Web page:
Easter Sunday is the most holy day in the Christian religion. It is the commemoration of the day Jesus rose from the dead three days after his sacrificial crucifixion and is celebrated on the first Sunday after the first Monday after the first full moon after the Vernal Equinox (Rudolph Steiner spoke about how this festival falls when the calendars of the earth, the moon and the man-made week have all realigned themselves). This year that fell on April 4th. Some Christian groups celebrate a whole slew of holidays leading up to and following Easter including Mardi Gras, Lent, Palm Sunday, Good Friday, Ascension and others. It is a busy time in the Christian church.
I wrote some last year about the various spring celebrations from all over the world that cluster around the Spring Equinox. Much of what we see in modern Easter celebrations - Easter bunnies leaving candy, hunting for dyed eggs, wearing new dresses and hats, eating lamb or ham, even the name Easter - come from pre-Christian European spring celebrations. Much like with Christmas, the expanding church in ancient and medieval Europe co-opted the local traditions and reassigned them meaning in the new religious narrative to get the cooperation of the masses. There certainly isn't any mention of Easter eggs or Christmas trees in the Bible.
This doesn't mean, however, that Easter is just a pagan celebration with some details changed. Unlike Christmas, in which I see more similarities between pagan and Christian celebration than I do differences, there is a truly different meaning behind Easter Sunday than behind pagan spring celebrations. Yes, both celebrate the re-birth of life through the divine, but Christ's re-birth means something different than Nature's re-birth does. It means salvation, and this is where things start getting sticky for me.
I chose to really immerse myself in Easter celebrations this year (well, maybe it was less conscious than all that - but I certainly was immersed in Easter). After rejecting the austerity of Lent for 39 days I participated in an interactive stations of the cross devotional on Good Friday, watched part of the Maundy Thursday Mass given by the Pope and both The Greatest Story Ever Told and The Last Temptation of Christ as well as played an angel in my Quaker Meeting's Easter Drama. All of this had the effect of allowing me time to really spend some time working with the meaning of Easter in my own life.
The story of Holy Week has been fascinating to me since I first learned about it in a college art history class. The story goes that Jesus entered Jerusalem on the Sunday before Passover and was welcomed by the citizens. They draped their robes on the ground so his donkey wouldn't walk in the mud and waved palm fronds to honor him. This is commemorated in the church calendar as Palm Sunday. Thursday of that week was Passover and Jesus met with his disciples for a Passover meal commonly called the Last Supper. This is when he told his followers to eat of his body and drink of his blood in remembrance of him and the practice of communion with bread or wafers and wine or juice was born. That night, as he prayed in the Garden of Gethsemane, Judas Iscariot betrayed him and he was arrested. The following day, Good Friday, he was beaten and crucified fulfilling the scripture and paying the price of fallen man's sin. After three days in the tomb he rose from the dead on Easter Sunday. Ritual celebrations that replay and symbolically show the meaning of a holy story are so attractive to me that I am almost willing to overlook my theological issues with the Passion story.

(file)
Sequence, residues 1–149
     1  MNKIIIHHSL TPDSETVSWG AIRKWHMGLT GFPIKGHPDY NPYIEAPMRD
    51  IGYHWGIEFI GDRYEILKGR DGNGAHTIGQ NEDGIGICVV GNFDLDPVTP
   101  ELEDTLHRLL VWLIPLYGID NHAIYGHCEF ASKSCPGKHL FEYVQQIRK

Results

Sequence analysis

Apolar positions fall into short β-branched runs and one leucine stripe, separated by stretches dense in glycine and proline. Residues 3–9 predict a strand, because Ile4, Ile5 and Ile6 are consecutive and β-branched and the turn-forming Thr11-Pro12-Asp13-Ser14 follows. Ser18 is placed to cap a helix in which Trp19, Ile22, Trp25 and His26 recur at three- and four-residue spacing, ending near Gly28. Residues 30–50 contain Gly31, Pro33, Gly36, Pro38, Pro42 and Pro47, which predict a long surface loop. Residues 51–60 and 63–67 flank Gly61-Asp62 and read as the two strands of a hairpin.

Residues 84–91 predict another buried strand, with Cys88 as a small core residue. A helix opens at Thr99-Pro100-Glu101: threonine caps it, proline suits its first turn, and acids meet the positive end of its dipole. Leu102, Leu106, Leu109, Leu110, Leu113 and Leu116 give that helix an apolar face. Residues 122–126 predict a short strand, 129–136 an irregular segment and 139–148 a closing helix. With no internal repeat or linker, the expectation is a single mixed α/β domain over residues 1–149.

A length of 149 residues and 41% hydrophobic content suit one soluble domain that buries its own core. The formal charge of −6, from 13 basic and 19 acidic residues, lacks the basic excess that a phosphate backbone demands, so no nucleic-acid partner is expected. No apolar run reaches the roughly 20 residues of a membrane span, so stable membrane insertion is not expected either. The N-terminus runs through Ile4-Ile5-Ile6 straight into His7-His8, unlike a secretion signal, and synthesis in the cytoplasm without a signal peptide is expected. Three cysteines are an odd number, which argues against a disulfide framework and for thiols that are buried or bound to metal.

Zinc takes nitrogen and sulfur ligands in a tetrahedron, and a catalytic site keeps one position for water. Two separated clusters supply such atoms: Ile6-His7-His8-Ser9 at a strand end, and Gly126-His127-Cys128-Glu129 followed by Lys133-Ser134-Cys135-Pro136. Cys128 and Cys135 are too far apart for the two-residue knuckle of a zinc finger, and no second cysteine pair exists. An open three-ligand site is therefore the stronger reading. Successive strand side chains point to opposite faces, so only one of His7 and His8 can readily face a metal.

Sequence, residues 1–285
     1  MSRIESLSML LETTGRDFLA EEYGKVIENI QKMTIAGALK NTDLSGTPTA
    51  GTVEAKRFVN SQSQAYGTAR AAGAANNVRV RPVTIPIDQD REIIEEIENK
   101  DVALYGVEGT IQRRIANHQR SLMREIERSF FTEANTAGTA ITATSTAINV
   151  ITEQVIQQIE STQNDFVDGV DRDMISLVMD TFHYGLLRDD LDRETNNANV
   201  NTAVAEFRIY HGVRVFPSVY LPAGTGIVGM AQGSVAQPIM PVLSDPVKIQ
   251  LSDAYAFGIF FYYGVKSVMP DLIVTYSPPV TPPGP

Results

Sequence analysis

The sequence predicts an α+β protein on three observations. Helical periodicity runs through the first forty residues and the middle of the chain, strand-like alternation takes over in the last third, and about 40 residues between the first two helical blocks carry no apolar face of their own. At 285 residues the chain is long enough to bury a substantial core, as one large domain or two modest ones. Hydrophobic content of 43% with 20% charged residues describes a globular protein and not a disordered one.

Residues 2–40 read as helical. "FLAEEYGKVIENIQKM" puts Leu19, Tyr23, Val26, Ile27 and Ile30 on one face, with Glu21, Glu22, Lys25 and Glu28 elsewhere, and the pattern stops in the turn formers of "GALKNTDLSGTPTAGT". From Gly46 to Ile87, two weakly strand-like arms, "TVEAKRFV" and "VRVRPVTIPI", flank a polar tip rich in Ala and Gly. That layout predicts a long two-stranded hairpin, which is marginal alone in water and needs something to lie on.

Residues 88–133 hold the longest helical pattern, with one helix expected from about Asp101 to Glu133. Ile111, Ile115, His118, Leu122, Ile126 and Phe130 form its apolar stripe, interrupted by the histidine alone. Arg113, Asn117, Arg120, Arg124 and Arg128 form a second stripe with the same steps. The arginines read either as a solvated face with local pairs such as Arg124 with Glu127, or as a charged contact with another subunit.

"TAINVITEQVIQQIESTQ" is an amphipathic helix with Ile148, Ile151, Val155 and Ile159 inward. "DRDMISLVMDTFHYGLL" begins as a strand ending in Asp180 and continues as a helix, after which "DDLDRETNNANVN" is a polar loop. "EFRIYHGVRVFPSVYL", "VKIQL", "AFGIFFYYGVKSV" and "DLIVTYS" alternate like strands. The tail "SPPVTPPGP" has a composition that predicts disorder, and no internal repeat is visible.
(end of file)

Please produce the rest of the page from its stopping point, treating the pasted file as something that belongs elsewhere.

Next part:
After a very brief mention of Palm Sunday at Meeting on Sunday the 28th I kicked off my Holy Week "celebration" by watching part of the Holy Thursday mass on EWTN, a Catholic television channel. I can see why the reformists of the 16th century "protested" against this kind of church - so much pomp, circumstance, gold, incense and robes. Catholic ritual is such a physical expression of faith that is so different than the expression of faith I am getting comfortable with in my Quaker Meeting. It is fascinating, though, and oh so delightful to my pagan sensibilities.
There are many fascinating traditions and symbols in the Easter Triduum, or three day period between Maundy Thursday and Easter Sunday. The Holy Thursday mass includes the blessing of the host and then the host is kept in an "alter of repose" during Good Friday and Holy Saturday when no mass is spoken. Neither this mass nor the Good Friday service, which is not a mass end with the typical concluding words. It is not until the Easter Mass that the conclusion is spoken. In essence it is all one service that starts with the Mass of the Last Supper and doesn't conclude until Saturday night or Sunday morning with the Easter Mass. Hows that for symbolism?